The 'most wonderful time of the year?'
December 05, 2007
This may sound a bit like sour grapes, but it seems there's no escaping the "holiday season," which seems to come earlier and earlier each year.
Don't get me wrong, I believe in peace on earth and good will toward men— I believe it all year long. I could sort of live without the pressure to be "merry." I like being merry and all, especially if it involves a glass of wine, good food and a couple of friends. But if I had a choice between being "merry" and "warm," I'd definitely go for the latter—though it might be said a sip or two of the spirits could warm one up. And as much as that's appealing to me, I still prefer my warmth to come from that big round orb called the sun.
Also, around here the "holiday season" means stepped up deadlines and lots of running around covering Santa's arrival and whatnot. Weekends consumed. Etcetera, etcetera, poor me.
Perhaps it would be different if the "holiday season" was truly a time to relax and enjoy time with family and friends. It's just the opposite, though, because everyone is so busy fitting the time with family and friends into already hectic schedules that relaxing is all but out of the question.
Obviously I feel a disconnect with "the most wonderful time of the year." For me, "the most wonderful time of the year" is when I can walk out my door onto my deck and down my stairs without worrying about slipping and breaking my neck. The "most wonderful time of the year" is when I can step outside and mess around with my plants wearing only a tank top and jeans. It's a time when I can walk into my house and not be frozen. It's a time when I can walk outside and not be frozen. In fact, it's a time when I can go just about anywhere (except restaurants and the office) without being frozen. It's a time called "summer."
Now summer is just as busy when it comes to the job, but somehow it's easier because there's no freezing involved. It stays lighter out longer. After the weekend work gigs I can usually meet up with friends and/or co-workers in some sort of beer tent or what-have-you. Food is light and fresh and awesome. Aside from mowing the lawn periodically, outdoor chores and upkeep are cinchy. I don't want to sound like a broken record but there's no freezing involved.
So if I could take a seat on Santa's lap, my Christmas wish would be for a big major dose of summer all year long...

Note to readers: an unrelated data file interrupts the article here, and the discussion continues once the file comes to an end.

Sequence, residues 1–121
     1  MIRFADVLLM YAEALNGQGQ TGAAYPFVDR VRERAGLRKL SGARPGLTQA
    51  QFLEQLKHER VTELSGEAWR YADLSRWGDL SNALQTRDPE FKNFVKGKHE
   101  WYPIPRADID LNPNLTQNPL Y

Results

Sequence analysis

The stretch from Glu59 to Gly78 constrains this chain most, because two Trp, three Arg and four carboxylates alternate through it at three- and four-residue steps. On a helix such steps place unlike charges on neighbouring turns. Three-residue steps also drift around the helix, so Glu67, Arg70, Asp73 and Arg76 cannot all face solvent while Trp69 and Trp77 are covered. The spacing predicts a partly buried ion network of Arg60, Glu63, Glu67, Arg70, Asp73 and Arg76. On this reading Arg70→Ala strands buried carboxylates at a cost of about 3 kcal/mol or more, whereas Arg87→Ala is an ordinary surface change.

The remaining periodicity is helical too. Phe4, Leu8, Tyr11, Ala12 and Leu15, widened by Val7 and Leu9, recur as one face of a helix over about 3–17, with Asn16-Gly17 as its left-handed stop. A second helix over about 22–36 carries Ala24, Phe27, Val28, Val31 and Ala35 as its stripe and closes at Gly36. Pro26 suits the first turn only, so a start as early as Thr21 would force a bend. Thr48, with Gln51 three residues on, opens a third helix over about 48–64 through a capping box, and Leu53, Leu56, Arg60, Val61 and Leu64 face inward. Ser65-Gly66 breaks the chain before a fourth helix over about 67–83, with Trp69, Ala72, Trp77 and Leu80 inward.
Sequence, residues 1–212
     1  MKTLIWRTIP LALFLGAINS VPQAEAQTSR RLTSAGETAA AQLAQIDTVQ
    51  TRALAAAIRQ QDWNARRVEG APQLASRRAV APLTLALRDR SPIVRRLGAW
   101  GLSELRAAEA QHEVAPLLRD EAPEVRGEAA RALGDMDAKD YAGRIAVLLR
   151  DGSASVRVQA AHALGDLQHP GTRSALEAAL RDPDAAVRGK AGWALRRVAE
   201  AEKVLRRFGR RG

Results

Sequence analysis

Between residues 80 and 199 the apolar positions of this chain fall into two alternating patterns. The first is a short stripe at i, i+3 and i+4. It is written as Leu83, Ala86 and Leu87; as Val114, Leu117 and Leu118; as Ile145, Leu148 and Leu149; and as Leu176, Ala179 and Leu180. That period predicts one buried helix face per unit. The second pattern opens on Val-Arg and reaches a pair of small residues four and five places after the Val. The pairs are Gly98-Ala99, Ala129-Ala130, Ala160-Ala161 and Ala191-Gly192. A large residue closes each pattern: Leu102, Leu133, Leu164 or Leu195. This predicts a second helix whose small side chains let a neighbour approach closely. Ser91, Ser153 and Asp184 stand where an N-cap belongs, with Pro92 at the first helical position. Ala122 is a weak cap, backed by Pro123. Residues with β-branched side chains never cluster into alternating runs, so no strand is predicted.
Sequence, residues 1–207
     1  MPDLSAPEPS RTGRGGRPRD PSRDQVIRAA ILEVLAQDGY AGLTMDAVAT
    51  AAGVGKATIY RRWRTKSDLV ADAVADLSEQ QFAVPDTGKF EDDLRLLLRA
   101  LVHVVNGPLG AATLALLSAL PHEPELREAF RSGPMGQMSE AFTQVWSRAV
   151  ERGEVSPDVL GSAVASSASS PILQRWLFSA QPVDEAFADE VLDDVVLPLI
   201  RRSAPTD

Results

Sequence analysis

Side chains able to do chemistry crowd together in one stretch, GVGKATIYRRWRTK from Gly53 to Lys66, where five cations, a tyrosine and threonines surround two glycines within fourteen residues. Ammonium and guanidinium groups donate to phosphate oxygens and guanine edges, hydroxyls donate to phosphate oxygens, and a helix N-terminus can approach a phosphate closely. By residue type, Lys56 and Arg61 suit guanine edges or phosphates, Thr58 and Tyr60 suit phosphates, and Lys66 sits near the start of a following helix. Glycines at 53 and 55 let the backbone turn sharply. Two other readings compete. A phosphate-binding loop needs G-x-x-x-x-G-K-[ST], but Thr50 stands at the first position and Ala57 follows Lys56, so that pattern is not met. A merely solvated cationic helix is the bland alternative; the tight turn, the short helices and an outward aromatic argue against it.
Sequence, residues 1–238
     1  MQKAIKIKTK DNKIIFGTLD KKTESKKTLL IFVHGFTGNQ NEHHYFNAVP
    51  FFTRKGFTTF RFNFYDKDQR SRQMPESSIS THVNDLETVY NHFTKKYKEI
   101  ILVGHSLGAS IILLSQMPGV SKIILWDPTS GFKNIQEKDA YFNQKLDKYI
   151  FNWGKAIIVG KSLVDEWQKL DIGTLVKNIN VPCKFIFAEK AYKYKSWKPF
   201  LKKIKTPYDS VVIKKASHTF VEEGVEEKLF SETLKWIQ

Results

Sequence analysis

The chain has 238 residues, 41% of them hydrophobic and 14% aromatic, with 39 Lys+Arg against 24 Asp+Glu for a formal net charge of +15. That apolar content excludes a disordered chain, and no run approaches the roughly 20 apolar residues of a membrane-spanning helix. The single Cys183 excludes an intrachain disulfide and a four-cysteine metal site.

...That's enough complaining for today. Despite the frozen temperatures, I have much to feel warm about. The kind words I receive from readers go straight to my heart where a little furnace burns bright-er each time. Marilyn Rheaume of Dryden wrote the most beautiful letter to me recently. Bev Waller also took time to email me about The Sun and other things, sharing her apprec-iation. Joe Tribula of Almont forwarded a beautiful poem called 'The House with Nobody in It' by Joyce Kilmer after reading about the break-in at my home. Altered artist Dawn Schmalzel made a gorgeous and very unique card of thanks for me. John Olivo sent kind words about this space as did Brent Avery. All of these things surround me at my desk, and aren't subject to the weather, the "holiday season" or whatever...
...Speaking of the "holiday season," my aunt, sister, cousin and I recently remarked that it's interesting that the Italian "Santa Claus" is a woman—La Befana.
The conversation came up because we're working on a Web site that will feature memories, information, antecdotes, recipes and all other things related to growing up Italian. We're pretty excited about the concept, and the site may even include some "wine blessing" labels dreamed up by yours truly.
Anyhow, we've outlined a beginning point, and once it's up and running I'll let you know.
As an advance preview, though, within the next week or so I'll share La Befana's beautiful story. Somehow the Italians have managed to keep Christmas an actual religious holiday and dab some magic (and slight gift giving) into it on the eve of the Epiphany (Jan. 5). It's part of why growing up Italian is so cool.
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